Marine Stewardship Areas
Whidbey and Camano islands -- Island County -- sit at the gateway to Washington's extraordinary Puget Sound. Nearly every fish, marine mammal, ship and submarine that enters and leaves this vast estuary passes our shores.
More than 1,000 rivers and streams feed fresh water into Puget Sound. Where the fresh and salt water meet, our tides mix them in an ever-changing nutrient soup. Among all the estuaries in the United States, Puget Sound is second only to Chesapeake Bay in size. Puget Sound's salmon, steelhead, orcas, birds and other wildlife are priceless to our lifestyle. Their health and that of our marine waters are tied closely to our own. They are also crucial to our economy.
At the request of the Island County Marine Resources Committee, Island County Commissioners created the Admiralty Inlet and Saratoga Passage Marine Stewardship Areas in 2003. In 2013 and 2014, Island and Snohomish County Commissioners adopted resolutions in their respective counties creating the Port Susan Marine Stewardship Area. This resulted from the collaboration of several regional partners. Marine Stewardship Areas focus greater awareness and education on the unique marine assets of our Island County waters. Their purpose is education and voluntary change -- not regulation.
Please explore this website to learn more about stewardship, these three large stewardship areas, and how you can help. If you own waterfront property or live in a community with shared access rights to the shoreline, please consider becoming a Shore Steward. If you'd like to volunteer to conduct research or perform other service to benefit the marine environment, please consider applying for the training course to become a Sound Water Steward.
Admiralty Inlet MSA
Whidbey Island's west-side beaches face some of the stiffest winds and highest energy wave action in Puget Sound. Just off West Beach on northern Whidbey Island lies Puget Sound's largest kelp forest. Nearby Smith and Minor islands, part of the San Juan Islands National Wildlife Refuge, are a major sanctuary for marine birds and mammals. The state Department of Natural Resources has designated this area the Smith and Minor Islands Aquatic Reserve.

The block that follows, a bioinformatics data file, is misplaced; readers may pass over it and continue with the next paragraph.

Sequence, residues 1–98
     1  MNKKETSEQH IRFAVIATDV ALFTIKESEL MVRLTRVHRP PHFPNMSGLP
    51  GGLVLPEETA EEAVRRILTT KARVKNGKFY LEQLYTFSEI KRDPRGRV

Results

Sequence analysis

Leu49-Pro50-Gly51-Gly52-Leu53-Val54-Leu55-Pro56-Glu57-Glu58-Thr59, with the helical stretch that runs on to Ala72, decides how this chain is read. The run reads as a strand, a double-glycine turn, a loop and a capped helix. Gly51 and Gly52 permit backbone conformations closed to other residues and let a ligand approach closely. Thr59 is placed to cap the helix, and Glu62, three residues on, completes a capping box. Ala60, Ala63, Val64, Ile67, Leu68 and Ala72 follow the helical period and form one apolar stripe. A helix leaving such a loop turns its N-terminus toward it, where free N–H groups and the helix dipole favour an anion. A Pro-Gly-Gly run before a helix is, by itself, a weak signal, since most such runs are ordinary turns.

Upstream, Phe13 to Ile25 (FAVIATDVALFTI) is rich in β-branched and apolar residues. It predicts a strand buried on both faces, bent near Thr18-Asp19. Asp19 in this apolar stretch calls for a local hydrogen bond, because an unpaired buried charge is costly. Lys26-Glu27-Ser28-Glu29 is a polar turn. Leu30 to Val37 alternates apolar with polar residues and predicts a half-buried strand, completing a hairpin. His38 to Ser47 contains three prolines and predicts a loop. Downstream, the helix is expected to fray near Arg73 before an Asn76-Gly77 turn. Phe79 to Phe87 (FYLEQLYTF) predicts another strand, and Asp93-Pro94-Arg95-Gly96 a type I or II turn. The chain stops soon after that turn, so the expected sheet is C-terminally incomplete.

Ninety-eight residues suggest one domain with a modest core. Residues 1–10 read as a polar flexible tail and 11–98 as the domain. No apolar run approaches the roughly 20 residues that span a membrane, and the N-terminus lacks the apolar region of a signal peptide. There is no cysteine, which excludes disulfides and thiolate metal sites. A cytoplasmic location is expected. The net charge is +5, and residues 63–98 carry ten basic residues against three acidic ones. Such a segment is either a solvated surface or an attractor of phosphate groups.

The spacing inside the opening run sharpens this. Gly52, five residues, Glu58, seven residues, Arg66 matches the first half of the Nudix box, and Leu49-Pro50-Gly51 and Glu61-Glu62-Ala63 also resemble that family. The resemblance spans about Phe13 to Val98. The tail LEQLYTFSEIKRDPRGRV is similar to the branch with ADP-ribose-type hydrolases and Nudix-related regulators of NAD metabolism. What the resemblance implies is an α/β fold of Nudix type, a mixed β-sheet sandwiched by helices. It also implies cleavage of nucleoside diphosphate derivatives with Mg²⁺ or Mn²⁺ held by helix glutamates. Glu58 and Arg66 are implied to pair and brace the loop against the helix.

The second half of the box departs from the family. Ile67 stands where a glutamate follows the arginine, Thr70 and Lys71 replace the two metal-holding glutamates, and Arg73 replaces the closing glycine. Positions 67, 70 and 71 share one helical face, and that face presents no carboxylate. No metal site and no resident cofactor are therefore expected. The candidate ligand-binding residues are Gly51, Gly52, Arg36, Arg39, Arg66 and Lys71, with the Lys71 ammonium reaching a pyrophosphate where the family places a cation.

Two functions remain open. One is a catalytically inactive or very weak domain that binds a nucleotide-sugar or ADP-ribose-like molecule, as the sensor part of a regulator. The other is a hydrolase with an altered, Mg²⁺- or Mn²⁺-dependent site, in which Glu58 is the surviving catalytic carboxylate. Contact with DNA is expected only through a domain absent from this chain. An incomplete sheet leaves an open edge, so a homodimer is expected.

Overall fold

In the 19th century tall ships rode the winds into Admiralty Inlet and Puget Sound. Today, ferry boats from Port Townsend battle tricky long-shore currents to harbor at Keystone.
Salmon follow the oxygen-rich Whidbey shore as they migrate to sea and back. Sport-fishers intercept them from beach and boats. Orcas, gray whales, sea lions, birds and geoducks use the beaches, marine waters and tidelands of Admiralty Inlet. Cruise ships, container vessels, oil barges and nuclear submarines pass above.
Small estuaries, lagoons and creek mouths offer young salmon a place to rest and avoid predators. Eelgrass beds provide additional shelter and spawning habitat for the herring they eat. Glacial bluffs shed earth to the beaches below, replenishing egg-laying gravels for two other forage fish the salmon love — sand lance and surf smelt.
In addition to natural riches this beautiful shore is rich in history as well. British explorer, Captain George Vancouver of the HMS Discovery, named the bluff at Admiralty Head in 1792 in honor of the British Lords of the Admiralty. The US government built a lighthouse here in 1861 and later a coastal defense installation, Fort Casey, that is now a state park.
Admiralty Inlet Marine Stewardship Area spans the breadth, depth and length of Island County waters west of Whidbey Island from Deception Pass in the north to Possession Point in the south.
Saratoga Passage Marine Stewardship Area
Nestled between Camano and Whidbey islands, Saratoga Passage is the primary marine highway for recreational boaters traveling between Puget Sound's population centers to the south and the San Juan Islands to the north.
This sheltered passage is sometimes called "the salmon highway" for its many excellent forage fish spawning beaches and nearly continuous eelgrass beds, which provide food and refuge to migrating salmon. Three large fish-producing river systems open into Saratoga Passage and nearby Port Susan -- the Skagit, Stillaguamish and Snohomish. Small estuaries, lagoons and creek mouths dot the shore, giving young salmon a place to rest and adjust to saltwater after leaving their rivers. Glacial bluffs slough till to the beaches, replenishing spawning gravels for the sand lance and surf smelt on which they rely. Orcas, grey whales, sea lions and birds frequent these beaches and marine waters.
Much of the county's shoreline development has centered on this passage since early Salish times and continues today with all five of the county's cities and towns - Oak Harbor, Coupeville, Freeland, Langley and Clinton. This quiet inland sea was trafficked by canoes, tall ships, mosquito fleet steamers and sternwheelers before today's sail and powerboats.